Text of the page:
Foot and Ankle FAQ

Common causes of foot pain often include over-exertion or lifestyle choices, like wearing ill-fitting shoes. Women who frequently wear high heels for long periods of time might experience pain in their toes and heels. You can also develop foot pain due to injuries during high-impact exercises or sports activities like running, intense aerobics or jumping.

Accidents that cause damage to bones and nerves can often cause tingling and periodic pain for years after healing. However, foot pain is often associated with medical conditions such as:

  • Arthritis
  • Achilles Tendinitis
  • Undiagnosed fractures
  • Diabetic Neuropathy
  • Athlete’s foot
  • Bunions
  • Plantar fasciitis
  • In rare cases, benign of malignant tumor

This depends on the location of the injury and the type of fracture. The severity of the injury will also determine the treatment plan. For instance, if you have a displaced fracture, doctors will manipulate the pieces of bones to their original position, through a process called reduction. This may be done by administering a sedative or under general anesthesia. Most metatarsal fractures require periods of elevation and limited weight bearing. You may be provided with a removable brace, boot or shoe, or a cast.

However, surgery is necessary if you have fractured several metatarsals at the same time or your foot is unstable and deformed. In such cases, orthopaedic surgeons will resort to surgery to get your bones back in proper position, using screws, pins and plates.

The first step after an ankle injury is to consult a doctor. This is to rule out any fracture or dislocation, before you start with home care. If you have fractured your ankle, you may need a cast or reduction. Damage caused to external skin or severe internal damage might require prescription antibiotics. The doctor might also prescribe anti-inflammatory drugs. In case you don’t have a serious injury, you will be asked to follow the RICE method of treatment. RICE means Rest, Ice/Heat, Compression and Elevation.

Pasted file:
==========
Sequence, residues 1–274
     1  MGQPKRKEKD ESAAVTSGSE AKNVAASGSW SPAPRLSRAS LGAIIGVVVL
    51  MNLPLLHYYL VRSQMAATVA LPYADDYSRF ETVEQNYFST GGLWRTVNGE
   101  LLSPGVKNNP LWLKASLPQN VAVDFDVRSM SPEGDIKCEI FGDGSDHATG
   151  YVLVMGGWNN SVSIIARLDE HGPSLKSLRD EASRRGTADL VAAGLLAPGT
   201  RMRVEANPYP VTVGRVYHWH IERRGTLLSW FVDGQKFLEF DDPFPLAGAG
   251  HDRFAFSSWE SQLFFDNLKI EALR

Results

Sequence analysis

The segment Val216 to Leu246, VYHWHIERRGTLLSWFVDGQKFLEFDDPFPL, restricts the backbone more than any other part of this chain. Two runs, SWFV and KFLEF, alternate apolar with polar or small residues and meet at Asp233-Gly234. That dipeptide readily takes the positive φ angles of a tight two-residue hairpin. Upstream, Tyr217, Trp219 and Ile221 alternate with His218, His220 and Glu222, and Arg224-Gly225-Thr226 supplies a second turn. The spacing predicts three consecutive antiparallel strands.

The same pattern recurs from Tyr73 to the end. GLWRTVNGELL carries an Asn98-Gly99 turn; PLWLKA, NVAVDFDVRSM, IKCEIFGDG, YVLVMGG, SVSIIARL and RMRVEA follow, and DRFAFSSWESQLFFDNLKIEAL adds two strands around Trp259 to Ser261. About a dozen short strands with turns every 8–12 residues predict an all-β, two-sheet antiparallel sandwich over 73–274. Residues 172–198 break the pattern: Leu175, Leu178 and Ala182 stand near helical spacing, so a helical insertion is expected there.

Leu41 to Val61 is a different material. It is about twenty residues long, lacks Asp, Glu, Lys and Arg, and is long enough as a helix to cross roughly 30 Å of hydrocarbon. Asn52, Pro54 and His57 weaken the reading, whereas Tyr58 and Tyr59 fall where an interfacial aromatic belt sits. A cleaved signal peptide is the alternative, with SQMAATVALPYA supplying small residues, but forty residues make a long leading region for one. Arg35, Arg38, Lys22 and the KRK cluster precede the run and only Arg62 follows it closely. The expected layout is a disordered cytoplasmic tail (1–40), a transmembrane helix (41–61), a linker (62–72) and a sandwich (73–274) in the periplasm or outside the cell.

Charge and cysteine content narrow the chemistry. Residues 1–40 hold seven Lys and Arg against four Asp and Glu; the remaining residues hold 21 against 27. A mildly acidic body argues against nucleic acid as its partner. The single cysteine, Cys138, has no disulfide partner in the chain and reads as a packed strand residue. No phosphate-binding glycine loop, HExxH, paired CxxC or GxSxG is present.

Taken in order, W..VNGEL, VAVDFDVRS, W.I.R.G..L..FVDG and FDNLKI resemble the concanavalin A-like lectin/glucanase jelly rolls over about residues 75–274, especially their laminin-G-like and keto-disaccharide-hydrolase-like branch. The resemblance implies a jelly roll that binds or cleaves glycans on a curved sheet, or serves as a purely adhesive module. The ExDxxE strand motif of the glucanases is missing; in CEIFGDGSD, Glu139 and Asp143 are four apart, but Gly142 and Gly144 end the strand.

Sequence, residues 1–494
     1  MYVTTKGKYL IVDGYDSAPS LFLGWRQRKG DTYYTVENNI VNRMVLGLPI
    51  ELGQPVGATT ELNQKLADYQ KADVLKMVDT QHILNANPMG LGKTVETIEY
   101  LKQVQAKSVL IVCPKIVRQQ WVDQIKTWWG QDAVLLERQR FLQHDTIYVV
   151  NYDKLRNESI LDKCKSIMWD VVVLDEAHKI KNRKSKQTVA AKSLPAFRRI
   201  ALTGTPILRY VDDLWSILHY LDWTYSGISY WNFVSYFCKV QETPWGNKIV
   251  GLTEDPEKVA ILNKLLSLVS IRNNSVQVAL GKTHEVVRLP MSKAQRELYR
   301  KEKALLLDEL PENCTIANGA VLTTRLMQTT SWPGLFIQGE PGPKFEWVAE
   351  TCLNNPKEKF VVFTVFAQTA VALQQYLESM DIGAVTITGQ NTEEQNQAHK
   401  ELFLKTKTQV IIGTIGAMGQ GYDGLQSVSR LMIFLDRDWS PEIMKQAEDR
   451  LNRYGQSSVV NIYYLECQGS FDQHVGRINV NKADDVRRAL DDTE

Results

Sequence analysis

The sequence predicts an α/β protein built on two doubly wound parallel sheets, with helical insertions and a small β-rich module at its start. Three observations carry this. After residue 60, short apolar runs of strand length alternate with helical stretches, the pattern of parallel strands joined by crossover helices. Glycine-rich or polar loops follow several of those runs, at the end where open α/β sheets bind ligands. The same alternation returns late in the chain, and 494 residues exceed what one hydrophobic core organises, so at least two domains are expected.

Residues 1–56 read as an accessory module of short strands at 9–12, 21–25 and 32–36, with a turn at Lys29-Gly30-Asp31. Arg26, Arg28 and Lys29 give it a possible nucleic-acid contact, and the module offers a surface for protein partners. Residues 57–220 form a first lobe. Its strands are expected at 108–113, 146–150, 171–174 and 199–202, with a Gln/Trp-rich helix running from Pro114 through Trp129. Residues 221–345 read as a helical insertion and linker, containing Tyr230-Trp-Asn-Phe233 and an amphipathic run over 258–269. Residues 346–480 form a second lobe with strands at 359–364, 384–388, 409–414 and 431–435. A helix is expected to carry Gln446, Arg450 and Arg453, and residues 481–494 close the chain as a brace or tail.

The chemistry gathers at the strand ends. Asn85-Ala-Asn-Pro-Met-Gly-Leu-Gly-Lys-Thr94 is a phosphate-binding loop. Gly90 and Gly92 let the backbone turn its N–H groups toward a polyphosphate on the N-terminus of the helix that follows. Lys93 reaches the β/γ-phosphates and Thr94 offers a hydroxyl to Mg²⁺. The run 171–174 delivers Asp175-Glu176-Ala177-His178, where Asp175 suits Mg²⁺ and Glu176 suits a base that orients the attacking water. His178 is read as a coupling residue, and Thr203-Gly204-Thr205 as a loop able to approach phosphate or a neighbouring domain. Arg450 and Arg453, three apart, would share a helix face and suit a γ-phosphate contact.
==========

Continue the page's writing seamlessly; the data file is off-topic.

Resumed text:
• Rest: Rest the ankle for healing and do not return to sports and other activities until completely healed.
  • Ice: Use ice packs to ease pain and swelling. However, this should be done initially. After the swelling has subsided, heat can be applied.
  • Compression: Try wrapping a crepe bandage over the ankle joint, to stabilize it and reduce swelling.
  • Elevation: Keeping the ankle joint elevated higher than your heart level prevents accumulation of fluids in the joints.

Sprain means you have injured your ligaments, but a fracture means you have broken at least one of the three ankle bones. Here are some things to consider to know the difference:

  • Was there a crack? Noise of bones cracking may indicate a fracture. Sprains will occur silently or at the most, follow a popping noise.
  • Is the ankle numb? If you have numbness or tingling sensations, it’s most likely a fracture.
  • How bad is the pain? If you have severe pain when you touch your ankle bone directly, it can be a fracture. Sometimes sprains can cause excessive pain as well.
  • Does the ankle look deformed? Swelling is common in sprains, twists and fractures. However, if the ankle looks positioned at an odd angle, it probably is a fracture.

The best way to determine this is to consult a specialist, who will conduct X-Ray imaging or MRI to rule out fracture.